Whether you have an actual Celiac Disease (CD) diagnosis or you've done an Elimination diet - look for more details on this in my Oct. 12 Sharepost - and realized that gluten is not your gut's friend, you are going to have to learn to eat gluten-free (GF).
About four months ago I was tested for Celiac Disease. And, even though the results came back negative I started eating gluten-free anyway. Why? Because for the previous two months I'd been having a lot of gas and bloating, and these were not symptoms I had ever experienced as a typical part of my ulcerative colitis or IBS. For a while I tried to chalk-up these new symptoms as a simple part of being 42. A number of my girlfriends told me that when they hit 41 or 42 years old they were astonished by the physical changes in their body. But as days and weeks went by and my symptoms seemed linked to when I did or didn't eat, I knew it wasn't just a simple part of the aging process (I'm willing to admit that could have been part of my pants not fitting quite right, but not the whole reason).
My first step was to figure out what gluten was and what had gluten in it. According to my trusty Compact Oxford English Dictionary, gluten is a protein present in cereal grains, especially wheat, which is responsible for the elastic texture found in dough. Darn! That meant that anything like bread, pasta, cereal, crackers, pancakes, muffins, and cakes were going to be out of my life. I'm a strong and determined person, especially when it comes to my health. So, I knew that if cutting out things I loved, like bread, pasta, and baked goods, was going to make me feel better I could do it. But I wouldn't say I was too happy about it.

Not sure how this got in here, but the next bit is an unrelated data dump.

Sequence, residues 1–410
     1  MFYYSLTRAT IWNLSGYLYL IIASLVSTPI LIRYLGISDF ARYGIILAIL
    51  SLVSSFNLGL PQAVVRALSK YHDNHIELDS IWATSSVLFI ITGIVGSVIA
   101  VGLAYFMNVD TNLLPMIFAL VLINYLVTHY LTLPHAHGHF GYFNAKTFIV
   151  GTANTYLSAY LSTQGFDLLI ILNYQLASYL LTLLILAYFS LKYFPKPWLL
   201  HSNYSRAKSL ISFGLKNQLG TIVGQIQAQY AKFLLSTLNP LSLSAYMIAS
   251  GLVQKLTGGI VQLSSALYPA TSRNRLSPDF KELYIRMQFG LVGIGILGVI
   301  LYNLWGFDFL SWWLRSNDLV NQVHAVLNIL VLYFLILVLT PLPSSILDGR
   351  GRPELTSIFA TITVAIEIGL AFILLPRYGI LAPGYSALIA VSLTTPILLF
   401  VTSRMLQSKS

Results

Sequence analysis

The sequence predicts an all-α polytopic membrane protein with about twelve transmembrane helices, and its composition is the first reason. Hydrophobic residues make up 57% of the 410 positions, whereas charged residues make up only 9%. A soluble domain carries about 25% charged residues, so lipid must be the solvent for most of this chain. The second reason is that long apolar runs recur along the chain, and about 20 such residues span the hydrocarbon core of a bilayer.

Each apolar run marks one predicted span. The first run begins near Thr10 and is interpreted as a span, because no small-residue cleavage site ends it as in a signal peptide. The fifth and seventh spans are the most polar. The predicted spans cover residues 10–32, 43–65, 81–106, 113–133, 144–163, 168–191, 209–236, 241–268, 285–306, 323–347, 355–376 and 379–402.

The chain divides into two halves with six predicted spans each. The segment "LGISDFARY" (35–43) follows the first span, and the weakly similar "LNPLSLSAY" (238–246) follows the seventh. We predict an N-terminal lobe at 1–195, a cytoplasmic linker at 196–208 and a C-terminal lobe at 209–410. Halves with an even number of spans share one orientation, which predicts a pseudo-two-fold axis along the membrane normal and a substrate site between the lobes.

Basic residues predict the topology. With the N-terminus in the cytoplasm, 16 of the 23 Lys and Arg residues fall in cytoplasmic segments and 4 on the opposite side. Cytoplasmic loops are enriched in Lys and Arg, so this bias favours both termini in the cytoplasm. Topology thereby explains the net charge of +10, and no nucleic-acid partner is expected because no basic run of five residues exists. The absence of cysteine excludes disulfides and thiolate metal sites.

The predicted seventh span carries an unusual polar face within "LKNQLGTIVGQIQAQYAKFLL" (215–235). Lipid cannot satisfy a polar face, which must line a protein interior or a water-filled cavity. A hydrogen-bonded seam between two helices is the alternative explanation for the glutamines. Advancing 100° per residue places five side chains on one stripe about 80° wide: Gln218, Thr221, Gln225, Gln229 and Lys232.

So, off to the internet I went to research this whole GF diet further. I found very helpful information at web sites like: www.celiace.org; www.gluten.net; www.americanceliac.org; www.and celiac.com.
The nuts and bolts of what I found out is this. To avoid gluten, you must eliminate from your diet all foods that contain:
Wheat (this includes durum and semolina wheat),
Oats - unless you can find them from a source that guarantees they have been processed on equipment that hasn't been cross-contaminated with wheat.
So, this means that if you plan on baking anything like bread, cakes, pancakes, muffins, brownies, or cookies you're going to have to learn how to do it with alternative flours such as: white rice flour
Brown rice flour
Potato flour or starch
Tapioca flour or starch
Quinoa flour or flakes
Buckwheat (dark or light)
Nut flours, like almond flour
Corn flour or startch
Bean flours, like garbanzo or fava bean
I've always enjoyed baking as well as cooking so I jumped into baking with alternative grains with both feet. I read recipes on the internet, but nothing too in depth. I figured it wouldn't be hard to replace wheat flour with the alternative flours and come away with an acceptable loaf of bread, cookie, or brownie. WRONG! Baking gluten-free is a whole new science. First, and foremost, since all the alternative grains are gluten-free they have nothing in them to bind them together. Let's go back to that dictionary definition of what gluten is: ... gluten is responsible for the elastic texture found in dough. Which means, gluten is what helps hold together the cakes, cookies, and loaves of bread we all love so much.